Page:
Reading – Patrick Rothfuss’ The Kingkiller Chronicle – Book 1 – The Name of the Wind – Chapter 18

Roads to Safe Places

What Happens?

Kvothe remembers.  Kvothe dreams.  Kvothe wakes.

How Does it Happen?

This chapter is a return to the quality that I have mentioned before.  Rothfuss is back in form.

This chapter is about something while also being involved in that something.  What I mean by this is that the chapter is more than the description of what happens.  It is a chapter where we can, finally, discuss style, narrative direction, character tension and motive, and other such wonderful things.  It is not a chapter where “bob does x, then y, then bob does z”; no, this is a chapter where the events that are occurring are reflected in the thoughts, mannerisms and activities of the main character, and – most important – they are reflected in the writing style of the author.

It’s not enough for a character to say “I am sad”.  When a narrative is in first person, the author is required to express that sadness in the tone, the sound of consonants and vowels, the play of words against one another.  When a character dreams, the narrative style must be dreamy (or some kind of strange narration, at any rate – remember I am always stating common concepts – true genius writers can do whatever they want, and they certainly do write whatever they want, but this is genre fiction, and has constraints); when a character is excited, the narrative style should reflect that.  A character’s strength of personality should bleed into the narrative style, irrespective of how close, or far, the narrator is.

Here, Rothfuss uses the interplay of memory, dream, and grief, to create a kind of quasi-present/past in which Kvothe remembers important moments in time with his deceased family in order to properly highlight his current tragic situation.  This is a very fine effort, and it works well.  Even better is that Rothfuss introduces a new character in this muddle – Laclith – whom I strongly hope never appears again (or only under such circumstances).  This shows that Rothfuss is confident enough to introduce characters whose sole purpose is to propel the strength of the character and style – not the strength of the plot.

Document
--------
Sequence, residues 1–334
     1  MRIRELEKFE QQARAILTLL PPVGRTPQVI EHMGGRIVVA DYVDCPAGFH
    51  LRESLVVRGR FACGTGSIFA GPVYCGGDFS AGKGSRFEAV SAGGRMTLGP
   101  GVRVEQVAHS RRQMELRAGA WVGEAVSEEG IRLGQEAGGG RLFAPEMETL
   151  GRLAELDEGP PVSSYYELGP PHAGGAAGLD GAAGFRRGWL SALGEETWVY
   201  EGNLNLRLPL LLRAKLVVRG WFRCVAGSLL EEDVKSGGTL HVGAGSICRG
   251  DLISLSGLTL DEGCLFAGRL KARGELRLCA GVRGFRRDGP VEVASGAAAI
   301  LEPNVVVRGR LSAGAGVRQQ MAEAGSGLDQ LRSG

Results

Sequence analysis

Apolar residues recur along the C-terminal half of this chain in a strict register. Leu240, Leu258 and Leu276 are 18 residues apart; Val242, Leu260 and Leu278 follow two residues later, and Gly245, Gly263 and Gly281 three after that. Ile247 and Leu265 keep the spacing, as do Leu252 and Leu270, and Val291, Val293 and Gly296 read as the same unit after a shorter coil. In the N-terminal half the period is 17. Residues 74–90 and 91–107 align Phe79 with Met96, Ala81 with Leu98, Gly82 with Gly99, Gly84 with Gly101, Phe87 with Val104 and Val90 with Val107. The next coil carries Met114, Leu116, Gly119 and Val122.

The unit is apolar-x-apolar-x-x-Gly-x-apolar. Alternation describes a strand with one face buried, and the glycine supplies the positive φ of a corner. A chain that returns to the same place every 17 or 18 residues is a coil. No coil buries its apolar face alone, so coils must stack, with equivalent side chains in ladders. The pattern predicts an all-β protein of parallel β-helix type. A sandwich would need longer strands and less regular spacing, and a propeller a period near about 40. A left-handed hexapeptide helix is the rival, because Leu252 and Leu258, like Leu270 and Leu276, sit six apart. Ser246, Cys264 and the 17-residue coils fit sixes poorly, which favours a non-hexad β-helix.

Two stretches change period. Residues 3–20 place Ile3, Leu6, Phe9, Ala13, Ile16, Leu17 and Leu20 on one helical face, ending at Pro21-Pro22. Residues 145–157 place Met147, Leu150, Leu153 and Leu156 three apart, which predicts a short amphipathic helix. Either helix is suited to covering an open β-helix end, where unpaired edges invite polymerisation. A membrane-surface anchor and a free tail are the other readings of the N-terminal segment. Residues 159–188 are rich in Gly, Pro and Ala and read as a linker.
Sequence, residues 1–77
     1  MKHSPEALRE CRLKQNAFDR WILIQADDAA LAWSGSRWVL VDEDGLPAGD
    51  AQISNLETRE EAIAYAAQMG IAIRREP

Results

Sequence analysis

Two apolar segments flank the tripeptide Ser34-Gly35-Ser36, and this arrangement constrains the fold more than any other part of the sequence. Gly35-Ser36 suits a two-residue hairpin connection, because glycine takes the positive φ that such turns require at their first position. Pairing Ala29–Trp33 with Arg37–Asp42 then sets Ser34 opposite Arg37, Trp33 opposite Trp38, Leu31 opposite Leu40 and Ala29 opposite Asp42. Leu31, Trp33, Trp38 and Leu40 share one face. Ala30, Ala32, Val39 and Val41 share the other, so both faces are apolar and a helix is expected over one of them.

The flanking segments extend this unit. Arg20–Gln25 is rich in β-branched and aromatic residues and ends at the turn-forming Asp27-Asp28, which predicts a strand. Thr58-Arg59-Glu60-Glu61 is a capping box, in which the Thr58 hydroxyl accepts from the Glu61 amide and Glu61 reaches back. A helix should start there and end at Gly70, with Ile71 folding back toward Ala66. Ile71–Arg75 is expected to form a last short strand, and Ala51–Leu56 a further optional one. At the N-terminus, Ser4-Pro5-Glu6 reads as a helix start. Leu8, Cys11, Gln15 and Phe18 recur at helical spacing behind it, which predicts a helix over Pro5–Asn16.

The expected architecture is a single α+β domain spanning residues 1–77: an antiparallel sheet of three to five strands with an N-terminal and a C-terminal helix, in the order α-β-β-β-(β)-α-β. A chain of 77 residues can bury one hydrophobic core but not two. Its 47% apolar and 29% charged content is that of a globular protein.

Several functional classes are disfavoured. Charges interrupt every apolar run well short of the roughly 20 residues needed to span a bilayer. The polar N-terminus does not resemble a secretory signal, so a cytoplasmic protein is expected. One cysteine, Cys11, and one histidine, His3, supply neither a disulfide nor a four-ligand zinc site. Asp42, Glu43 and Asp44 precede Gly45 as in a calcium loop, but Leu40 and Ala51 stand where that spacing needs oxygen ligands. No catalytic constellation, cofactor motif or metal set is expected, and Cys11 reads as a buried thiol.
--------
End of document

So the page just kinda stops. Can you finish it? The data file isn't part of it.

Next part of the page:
Conclusion

I was happy with this chapter.  It is a return to form for Rothfuss.  I suspect that the previous two chapters might have been written under the influence of a glass of wine or two, because on the surface they seem deep and full of emotion.  But critical examination shows them to be sentimental dreck, worth less than a Hallmark card (which is to say nothing at all), and thus entirely without merit or true feeling or understanding of self or other.  Writing must – must – go beyond the feel goodery of contemporary pop culture and express old ideas in new and interesting ways.  If it doesn’t, what good is it?  What does it mean to write the same thing for the billionth time?  It means nothing at all, and any old soap opera can kill off a character’s parents.  But to examine it clearly, distinctly, without fuss and with complete authenticity of expression and feeling, is a miracle.

Rothfuss doesn’t create that miracle here.  I don’t think he can.  But what he does is show that he can, when pressed, push his narrative in new and interesting directions.  This chapter requires a lot from the reader, and the payoff is large.  It’s confident, effective, and rather stylish.

I encourage you to read the entirety of my examination of Patrick Rothfuss’ The Kingkiller Chronicle.  Comments, affection and hate are more than welcome.

Useful Links

  • Patrick Rothfuss – Author website
  • Wikipedia
  • Tor (Publisher) posts about Rothfuss

Reviews

  • Fantasy Book Review


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